He said that the Scrutiny Committee, contrary to the concerns voiced by the “Ceasefire Campaign” was not in danger of taking over the function of the NCACC. Its function was envisaged as facilitating the working of the NCACC. Companies applying for permits would lodge applications with the Defence Secretariat, which monitored compliance with the various regulations and then reviewed applications by seeking input of the relevant government departments. The Secretariat then collated all inputs into a booklet, which it submitted to the NCACC. The Scrutiny Committee would not be a new entity but would merely formalise an existing process. It would not remove the decision-making power from the NCACC. The proposal arose from the Auditor General (AG) who made the suggestion after completing an audit on the NCACC. Mr Dladla proposed, therefore, that the sub-section granting the NCACC the power to form sub-committees be amended to allow the Scrutiny Committee to be a permanent, rather than transient committee. Guidance was, however sought from the Portfolio Committee on the matter.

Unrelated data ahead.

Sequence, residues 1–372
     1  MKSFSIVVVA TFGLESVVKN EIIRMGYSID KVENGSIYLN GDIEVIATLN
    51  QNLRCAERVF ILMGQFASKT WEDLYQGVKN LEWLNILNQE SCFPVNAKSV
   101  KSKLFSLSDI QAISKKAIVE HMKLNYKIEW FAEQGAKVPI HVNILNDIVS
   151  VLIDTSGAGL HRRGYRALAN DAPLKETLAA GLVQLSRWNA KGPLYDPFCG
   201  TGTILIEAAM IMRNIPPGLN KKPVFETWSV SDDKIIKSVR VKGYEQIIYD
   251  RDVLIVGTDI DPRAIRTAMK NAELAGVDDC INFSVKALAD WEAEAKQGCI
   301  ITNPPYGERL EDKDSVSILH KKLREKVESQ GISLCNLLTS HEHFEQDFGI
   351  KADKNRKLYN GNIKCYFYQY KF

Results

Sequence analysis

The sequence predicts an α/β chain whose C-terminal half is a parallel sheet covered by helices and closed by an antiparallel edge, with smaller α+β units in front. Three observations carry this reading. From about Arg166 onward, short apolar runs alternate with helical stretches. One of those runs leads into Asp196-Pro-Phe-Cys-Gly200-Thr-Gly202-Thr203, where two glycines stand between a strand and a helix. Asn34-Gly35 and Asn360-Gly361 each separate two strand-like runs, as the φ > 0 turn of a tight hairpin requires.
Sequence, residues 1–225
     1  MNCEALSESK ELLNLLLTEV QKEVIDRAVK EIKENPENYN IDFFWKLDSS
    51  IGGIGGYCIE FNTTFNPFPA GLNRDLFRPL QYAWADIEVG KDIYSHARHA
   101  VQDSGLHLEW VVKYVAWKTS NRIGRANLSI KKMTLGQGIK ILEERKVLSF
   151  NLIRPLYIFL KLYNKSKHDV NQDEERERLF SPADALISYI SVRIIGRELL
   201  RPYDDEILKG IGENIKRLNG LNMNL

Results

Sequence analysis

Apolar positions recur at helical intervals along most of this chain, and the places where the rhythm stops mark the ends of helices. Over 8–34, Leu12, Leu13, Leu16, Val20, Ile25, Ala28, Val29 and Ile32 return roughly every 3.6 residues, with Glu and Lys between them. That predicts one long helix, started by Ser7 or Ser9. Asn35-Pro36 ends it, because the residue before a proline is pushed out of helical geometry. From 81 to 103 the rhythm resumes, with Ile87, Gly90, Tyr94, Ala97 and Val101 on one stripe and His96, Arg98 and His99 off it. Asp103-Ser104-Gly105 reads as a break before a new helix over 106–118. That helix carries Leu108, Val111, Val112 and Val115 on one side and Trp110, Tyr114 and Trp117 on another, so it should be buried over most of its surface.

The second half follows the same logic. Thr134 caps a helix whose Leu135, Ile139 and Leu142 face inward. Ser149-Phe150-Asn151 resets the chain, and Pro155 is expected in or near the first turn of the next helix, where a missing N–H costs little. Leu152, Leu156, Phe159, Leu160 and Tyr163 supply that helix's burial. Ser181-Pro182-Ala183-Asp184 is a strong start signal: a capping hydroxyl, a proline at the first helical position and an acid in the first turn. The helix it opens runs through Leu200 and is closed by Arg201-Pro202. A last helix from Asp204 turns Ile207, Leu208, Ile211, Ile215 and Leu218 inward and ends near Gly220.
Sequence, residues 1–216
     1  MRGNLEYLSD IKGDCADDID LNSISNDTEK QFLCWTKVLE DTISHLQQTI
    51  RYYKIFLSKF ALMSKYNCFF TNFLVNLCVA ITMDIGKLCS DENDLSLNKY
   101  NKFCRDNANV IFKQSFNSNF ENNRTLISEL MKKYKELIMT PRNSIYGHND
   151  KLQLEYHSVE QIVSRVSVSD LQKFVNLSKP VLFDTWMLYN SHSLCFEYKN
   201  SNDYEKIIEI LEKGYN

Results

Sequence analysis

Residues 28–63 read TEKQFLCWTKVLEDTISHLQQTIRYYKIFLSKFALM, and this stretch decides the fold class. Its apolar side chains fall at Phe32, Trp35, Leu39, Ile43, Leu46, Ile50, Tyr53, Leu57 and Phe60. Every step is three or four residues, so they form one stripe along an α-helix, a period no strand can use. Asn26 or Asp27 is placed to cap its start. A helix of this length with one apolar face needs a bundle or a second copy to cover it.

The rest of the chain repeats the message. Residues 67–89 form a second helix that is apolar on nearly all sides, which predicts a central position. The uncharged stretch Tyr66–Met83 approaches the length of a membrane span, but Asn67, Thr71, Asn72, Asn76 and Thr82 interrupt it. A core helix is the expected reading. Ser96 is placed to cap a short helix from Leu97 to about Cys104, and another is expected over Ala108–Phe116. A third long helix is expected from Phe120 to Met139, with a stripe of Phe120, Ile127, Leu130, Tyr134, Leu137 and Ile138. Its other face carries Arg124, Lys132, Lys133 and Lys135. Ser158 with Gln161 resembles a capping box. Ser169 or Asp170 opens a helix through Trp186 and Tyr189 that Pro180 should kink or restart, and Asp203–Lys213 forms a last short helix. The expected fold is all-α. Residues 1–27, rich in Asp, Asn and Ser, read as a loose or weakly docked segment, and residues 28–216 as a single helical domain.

The Chairperson wondered why Mr Dladla had not foreseen this need three years ago when the AG first interrogated the functions of the Scrutiny Committee.
Mr Dladla continued to deal with the submissions, referring to the issuing of reports by the NCACC. He was satisfied that the NCACC was prepared to provide any kind of information required by Parliament. However, it was necessary to distinguish between what information was made available to Parliament and what was made available to the wider public. It was necessary to ask the question what damage to national security could be caused by adopting a high level of disclosure, as practised by some European countries. He agreed that the NCACC should be consistent with what was required by the Promotion of Access to Information Act (PAIA), but certain limitations would be imposed by security, commercial and foreign relations concerns. It would also be administratively very difficult to disclose information like the ownership of companies involved, simply because these companies were often part of complex holding companies.